Instead of grading papers, I poured over photos on Pinterest and got lost in recipes and food blogs. I dreamt about coconut loaves, cream cheese chocolate chip cookies, Greek macaroni and cheese. I read the bios of business men and women who became food blog celebrities, who survived painful divorces, years being single, and dead end jobs. They all seemed to find a path out of hopelessness that was lined with peppermint cupcakes, pesto-stuffed halibut filets, and mascarpone mashed potatoes, piped into an enamel-coated cast iron baking dish, beautifully browned.

I left the essays behind for awhile and entered this edible world instead.

It gave me hope.


Falling in Love with my Mother Tongue February 22, 2013

Filed under: Poems,Teaching,Vignettes,Writing Prompts + — Christopher P. DeLorenzo @ 9:17 am

Two poems worked as prompts this time: The Invitation,” by Oriah Mountain Dreamer, and the poem, “Harlem,” by Langston Hughes.

“The Invitation” is a live link; “Harlem” is below. What I wrote follows.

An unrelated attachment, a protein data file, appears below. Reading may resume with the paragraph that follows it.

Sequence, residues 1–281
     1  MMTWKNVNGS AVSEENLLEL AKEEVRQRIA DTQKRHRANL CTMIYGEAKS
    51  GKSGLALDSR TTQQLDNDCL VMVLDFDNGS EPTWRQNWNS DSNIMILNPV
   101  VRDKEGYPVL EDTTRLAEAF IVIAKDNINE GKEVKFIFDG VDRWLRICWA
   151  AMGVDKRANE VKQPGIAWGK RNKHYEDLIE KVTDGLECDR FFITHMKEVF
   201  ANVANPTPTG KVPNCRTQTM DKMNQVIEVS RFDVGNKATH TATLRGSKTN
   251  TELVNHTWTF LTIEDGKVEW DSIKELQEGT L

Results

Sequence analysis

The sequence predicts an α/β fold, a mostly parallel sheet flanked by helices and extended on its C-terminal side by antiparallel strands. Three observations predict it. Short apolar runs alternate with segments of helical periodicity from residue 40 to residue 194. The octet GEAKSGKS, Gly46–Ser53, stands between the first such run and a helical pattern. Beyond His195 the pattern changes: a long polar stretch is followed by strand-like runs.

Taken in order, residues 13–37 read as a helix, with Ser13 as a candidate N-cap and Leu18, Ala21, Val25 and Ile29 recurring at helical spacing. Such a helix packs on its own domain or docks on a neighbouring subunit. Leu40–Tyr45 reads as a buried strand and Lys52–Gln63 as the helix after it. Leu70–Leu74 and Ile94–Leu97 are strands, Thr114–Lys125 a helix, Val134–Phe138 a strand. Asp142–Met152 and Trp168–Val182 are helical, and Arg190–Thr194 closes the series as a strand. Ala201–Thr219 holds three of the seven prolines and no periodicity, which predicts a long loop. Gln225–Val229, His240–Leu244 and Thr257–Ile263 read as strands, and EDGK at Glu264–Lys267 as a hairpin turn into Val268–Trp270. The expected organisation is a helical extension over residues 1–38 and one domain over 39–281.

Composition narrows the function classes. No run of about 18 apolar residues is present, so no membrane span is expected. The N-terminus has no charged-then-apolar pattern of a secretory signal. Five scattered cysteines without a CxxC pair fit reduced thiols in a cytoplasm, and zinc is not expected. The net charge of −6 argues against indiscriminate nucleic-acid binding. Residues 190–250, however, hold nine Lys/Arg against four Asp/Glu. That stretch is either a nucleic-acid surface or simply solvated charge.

Harlem                                                                     LangstonHughe_25_2_2

What happens to a dream deferred?

Does it dry up like a raisin in the sun?

Or fester like a sore—

And then run?

Does it stink like rotten meat?

Or crust and sugar over—

like a syrupy sweet?

Maybe it just sags

like a heavy load.

Or does it explode?


The first week of class, I ask them to highlight words from the poem, The Invitation, words they aren’t familiar with. Ahmed goes first, as always, his gold eyes bright and eager. “Shriveled,” he says. Violeta quickly follows, “Accusations.” Ling offers, “Sanctuary,” and Lam wants to know about “Longing.”

We spend quite a few minutes on longing. How do you describe that word? An ache for something you desire, something you hope for, something you miss?

“Is it like sadness?” Mai asks.

“Yes,” I reply, “But it’s different. It contains elements of hope, and sometimes fondness. Desire. Wishfulness. Like losing something and wanting it back.” Their pens scribble out notes onto notebook paper. “Sometimes, you can long for something you’ve never had,” I offer, still struggling to define a feeling I’ve had so often in my life, but now cannot put into words.

“Like what?” Kiko asks.

“Like a great love. Or a different body. A parent or a grandparent that you can’t really remember knowing.”  Zhu-zhu has her head in her notebook, then looks up at me.